Seoul’s new leftist government sets reform of intelligence agencies

by WorldTribune Staff, June 19, 2017

The administration of liberal South Korean President Moon Jae-In has moved to reform the country’s intelligence agencies, which the president during his campaign accused of illegal meddling in domestic politics.

The National Intelligence Service (NIS) committee set up two task forces which will be assigned to overhauling the South’s spy organizations and investigating their involvement in domestic politics, Yonahp reported on June 19.

South Korean President Moon Jae-In, left, with NIS Director Suh Hoon. / Yonhap

The reform of the NIS was one of Moon’s election pledges.

On June 1, new NIS Director Suh Hoon banned domestic intelligence operations from gathering information on government ministries, media and other organizations.

“The launch of the committee will be a historic starting point for the NIS to be reborn,” Suh said in a statement.

Suh played a key role in arranging summit talks with North Korean dictator Kim Jong-Il in 2000 and 2007, WorldTribune.com reported last month.

Suh joined Seoul’s spy agency in 1980 and served as a deputy director of the NIS in 2006-2008.

Conservatives want NIS’s focus to be on North Korea. Pyongyang is assumed to have an extensive network of infiltrators and agents of influence throughout South Korea, analysts say, particularly in the wake of the 1980 Kwangju incident.

More recent high-profile cases included the NIS’s alleged online smear campaign staged to sway public opinion in favor of the ruling conservative party ahead of the presidential election in 2012, the Yonhap report said.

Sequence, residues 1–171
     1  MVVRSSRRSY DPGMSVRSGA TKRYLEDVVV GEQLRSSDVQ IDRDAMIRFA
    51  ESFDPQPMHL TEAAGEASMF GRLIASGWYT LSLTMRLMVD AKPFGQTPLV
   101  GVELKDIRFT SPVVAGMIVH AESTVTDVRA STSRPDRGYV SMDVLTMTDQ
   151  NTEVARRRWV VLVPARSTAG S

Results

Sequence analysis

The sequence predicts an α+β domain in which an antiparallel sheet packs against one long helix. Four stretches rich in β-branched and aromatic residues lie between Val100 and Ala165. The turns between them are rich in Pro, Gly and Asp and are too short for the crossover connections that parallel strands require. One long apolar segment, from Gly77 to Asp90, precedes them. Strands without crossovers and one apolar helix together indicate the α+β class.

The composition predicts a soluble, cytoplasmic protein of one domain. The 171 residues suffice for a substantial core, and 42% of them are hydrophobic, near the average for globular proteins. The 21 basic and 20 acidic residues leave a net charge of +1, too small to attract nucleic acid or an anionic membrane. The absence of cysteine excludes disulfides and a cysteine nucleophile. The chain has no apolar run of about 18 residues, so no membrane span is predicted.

Some NIS agents were suspected of being mobilized to post online comments to affect the vote, when then-conservative candidate Park Geun-Hye clinched a victory over Moon.

In 2013, the NIS unveiled a transcript of a 2007 inter-Korean summit, during which late former liberal President Roh Moo-Hyun called for changing the disputed de facto western sea border with North Korea into a “peace economic zone.”

There was criticism that the spy agency divulged state secrets to divert public anger away from a scandal involving then-spy chief Won Sei-Hoon, who allegedly ordered the online smear campaign against Moon for the 2012 election.

There has been minimal news coverage or controversy in South Korea about reports that the late leftist President Kim Dae-Jung’s administration used billions of dollars in Chaebol funding to purchase a summit in Pyongyang between Kim Dae-Jung and Kim Jong-Il.

The reporting by WorldTribune.com columnist Don Kirk led to a book co-authored with former NIS official Kim Ki-Sam, “How South Korea’s Kim Dae-Jung bought his Peace Prize and financed Kim Jong-Il’s nuclear program.”

Publication of the book was banned in South Korea and blocked in the United States at the last moment by legal threats against the publisher, according to Kirk who said the final galleys had been prepared for the press.

The new NIS committee consists of eight civilian experts and five former and current NIS officials. It will be headed by Jung Hae-Gu, a politics professor at Sungkonghoe University.


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